by Helen McKay
Having spent time finding a selection of stories, suitable for your audiences, examine each story carefully. Don’t be afraid to cast some aside as unsuitable for you to use. Look at each story and apply the following criteria:
- Is it a story you like — one which speaks to you and won’t let you go?
- Does it arouse your feelings and do you feel a passion to retell it?
- Is it suitable for your style of telling?
- Are the messages strong and positive?
- Will the story offend?
- Most importantly – Is it entertaining?
Find the skeleton
Identify the story’s skeleton and strip the words away. Now retell the story in your own words, crafting it carefully, to give it an aesthetically pleasing shape. Work from the structure, rather than struggling to be word perfect. Add flesh to your skeleton to round it out and make it comedic.
Each telling is different, depending on how the audience reacts to the story and how you respond to the audience. You will never tell a story the same way twice, so learn the structure and then `flesh it out’.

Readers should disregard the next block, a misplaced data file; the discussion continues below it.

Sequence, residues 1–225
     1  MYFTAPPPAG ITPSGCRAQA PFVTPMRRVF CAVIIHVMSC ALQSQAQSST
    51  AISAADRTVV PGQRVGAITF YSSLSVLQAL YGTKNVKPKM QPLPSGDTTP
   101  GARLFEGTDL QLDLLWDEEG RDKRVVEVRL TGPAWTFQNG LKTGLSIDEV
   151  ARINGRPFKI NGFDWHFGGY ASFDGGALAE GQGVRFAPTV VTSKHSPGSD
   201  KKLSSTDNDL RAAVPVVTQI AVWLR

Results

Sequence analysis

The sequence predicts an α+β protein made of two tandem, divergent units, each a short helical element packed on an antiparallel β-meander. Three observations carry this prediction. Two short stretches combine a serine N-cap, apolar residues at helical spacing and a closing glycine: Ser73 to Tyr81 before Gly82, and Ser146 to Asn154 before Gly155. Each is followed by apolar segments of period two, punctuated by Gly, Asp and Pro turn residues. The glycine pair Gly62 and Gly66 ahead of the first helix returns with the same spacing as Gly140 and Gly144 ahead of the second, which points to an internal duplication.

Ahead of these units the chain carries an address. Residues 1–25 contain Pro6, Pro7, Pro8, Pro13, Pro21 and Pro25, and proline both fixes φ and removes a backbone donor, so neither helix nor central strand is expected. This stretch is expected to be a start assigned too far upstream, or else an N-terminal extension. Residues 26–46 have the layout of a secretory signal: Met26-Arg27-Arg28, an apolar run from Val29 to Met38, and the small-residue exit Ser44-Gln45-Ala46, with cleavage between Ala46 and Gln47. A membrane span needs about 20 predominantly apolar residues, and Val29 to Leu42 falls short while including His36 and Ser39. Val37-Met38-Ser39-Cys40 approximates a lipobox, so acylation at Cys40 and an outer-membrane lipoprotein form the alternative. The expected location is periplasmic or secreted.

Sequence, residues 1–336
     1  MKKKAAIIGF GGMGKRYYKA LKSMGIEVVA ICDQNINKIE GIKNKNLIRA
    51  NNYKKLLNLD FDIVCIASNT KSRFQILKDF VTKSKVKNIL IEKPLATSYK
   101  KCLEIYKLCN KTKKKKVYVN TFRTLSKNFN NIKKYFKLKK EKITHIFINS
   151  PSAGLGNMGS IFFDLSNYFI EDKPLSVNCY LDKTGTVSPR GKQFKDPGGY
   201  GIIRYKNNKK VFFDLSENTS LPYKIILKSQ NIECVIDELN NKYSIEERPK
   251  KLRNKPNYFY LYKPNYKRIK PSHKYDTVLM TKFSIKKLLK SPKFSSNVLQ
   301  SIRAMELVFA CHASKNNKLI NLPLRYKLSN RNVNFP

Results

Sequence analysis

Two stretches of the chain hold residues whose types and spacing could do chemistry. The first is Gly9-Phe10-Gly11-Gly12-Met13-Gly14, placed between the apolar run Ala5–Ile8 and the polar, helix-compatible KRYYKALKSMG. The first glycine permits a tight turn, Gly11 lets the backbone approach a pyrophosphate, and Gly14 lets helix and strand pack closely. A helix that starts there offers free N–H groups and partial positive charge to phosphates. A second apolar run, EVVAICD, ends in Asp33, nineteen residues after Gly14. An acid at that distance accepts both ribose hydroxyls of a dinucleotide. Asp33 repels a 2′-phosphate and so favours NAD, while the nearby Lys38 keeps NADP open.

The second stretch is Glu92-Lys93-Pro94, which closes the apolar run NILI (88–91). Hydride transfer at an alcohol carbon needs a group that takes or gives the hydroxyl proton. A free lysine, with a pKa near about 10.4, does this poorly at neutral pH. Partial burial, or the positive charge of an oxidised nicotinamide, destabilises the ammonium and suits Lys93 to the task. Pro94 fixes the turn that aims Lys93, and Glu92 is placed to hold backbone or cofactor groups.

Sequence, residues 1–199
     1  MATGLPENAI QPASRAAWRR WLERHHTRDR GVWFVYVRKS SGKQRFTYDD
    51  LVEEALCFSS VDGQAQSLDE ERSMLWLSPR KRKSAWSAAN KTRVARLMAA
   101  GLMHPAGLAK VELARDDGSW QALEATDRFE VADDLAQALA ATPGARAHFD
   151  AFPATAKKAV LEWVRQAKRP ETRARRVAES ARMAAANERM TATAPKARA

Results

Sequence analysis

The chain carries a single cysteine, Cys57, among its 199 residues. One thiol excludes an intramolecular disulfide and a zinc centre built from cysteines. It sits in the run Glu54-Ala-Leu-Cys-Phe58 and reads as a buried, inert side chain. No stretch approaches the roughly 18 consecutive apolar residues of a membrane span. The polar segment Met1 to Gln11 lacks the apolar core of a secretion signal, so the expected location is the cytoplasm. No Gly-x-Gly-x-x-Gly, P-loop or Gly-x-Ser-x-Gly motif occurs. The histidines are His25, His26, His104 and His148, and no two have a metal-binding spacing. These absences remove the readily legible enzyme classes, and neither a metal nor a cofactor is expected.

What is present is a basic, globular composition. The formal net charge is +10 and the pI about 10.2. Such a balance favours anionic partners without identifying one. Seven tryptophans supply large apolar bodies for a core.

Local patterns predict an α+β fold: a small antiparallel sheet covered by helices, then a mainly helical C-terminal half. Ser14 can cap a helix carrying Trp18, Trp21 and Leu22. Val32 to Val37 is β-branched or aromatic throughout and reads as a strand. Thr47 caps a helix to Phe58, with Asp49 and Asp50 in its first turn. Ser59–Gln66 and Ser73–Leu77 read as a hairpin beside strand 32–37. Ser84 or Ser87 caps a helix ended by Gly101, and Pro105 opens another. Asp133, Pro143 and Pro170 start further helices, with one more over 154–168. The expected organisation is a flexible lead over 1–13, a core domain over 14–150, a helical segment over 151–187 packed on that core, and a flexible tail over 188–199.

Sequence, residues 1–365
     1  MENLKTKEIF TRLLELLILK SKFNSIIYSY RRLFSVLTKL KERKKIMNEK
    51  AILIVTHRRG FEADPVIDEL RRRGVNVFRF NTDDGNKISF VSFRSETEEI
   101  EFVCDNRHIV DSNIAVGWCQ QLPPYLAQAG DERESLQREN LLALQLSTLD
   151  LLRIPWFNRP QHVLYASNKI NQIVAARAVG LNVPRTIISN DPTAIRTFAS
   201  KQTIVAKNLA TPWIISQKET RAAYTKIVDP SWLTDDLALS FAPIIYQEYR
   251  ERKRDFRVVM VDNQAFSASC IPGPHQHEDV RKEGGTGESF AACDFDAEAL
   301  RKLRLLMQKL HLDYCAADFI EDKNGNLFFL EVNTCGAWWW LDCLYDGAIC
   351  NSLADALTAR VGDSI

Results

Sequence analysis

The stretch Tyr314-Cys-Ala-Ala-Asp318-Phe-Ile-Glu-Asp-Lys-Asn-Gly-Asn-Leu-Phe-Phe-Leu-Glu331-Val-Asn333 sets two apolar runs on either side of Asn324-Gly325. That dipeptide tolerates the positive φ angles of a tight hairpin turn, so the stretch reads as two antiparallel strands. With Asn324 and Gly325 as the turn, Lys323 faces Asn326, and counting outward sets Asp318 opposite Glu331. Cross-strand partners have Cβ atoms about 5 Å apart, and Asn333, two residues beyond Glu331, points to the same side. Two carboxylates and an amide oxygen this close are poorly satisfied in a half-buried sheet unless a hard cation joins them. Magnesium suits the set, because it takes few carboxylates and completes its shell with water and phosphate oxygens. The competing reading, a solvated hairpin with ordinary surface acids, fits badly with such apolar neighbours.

- Leave out the boring bits. They slow down the story’s impetus.
- Emphasise the bits you like – they are often the most important parts.
- Make sure your story is able to carry the message you want to communicate – don’t allow negativity to creep in.
- Before telling the story, visualise it. Picture the story clearly in your mind, to help you better communicate it to your audience. Draw it on paper in a stick figure storyboard if necessary. Unless you can see the action clearly in your mind, you will have difficulty communicating it in words to an audience.
- Practice telling the story out aloud.
- Tape it and play it back, so you can hear where to correct or prune out anything that affects the rhythm.
- Listen to how it sounds, using the images you visualise in your head.
- Add further material to clarify and reinforce those images
- Re-tape the corrected version of the story.
- Learn it by heart and practice until you know it well.
- Try it out on family or friends if you can
- Always have a versatile range of stories in your repertoire.
By Helen F. McKay ©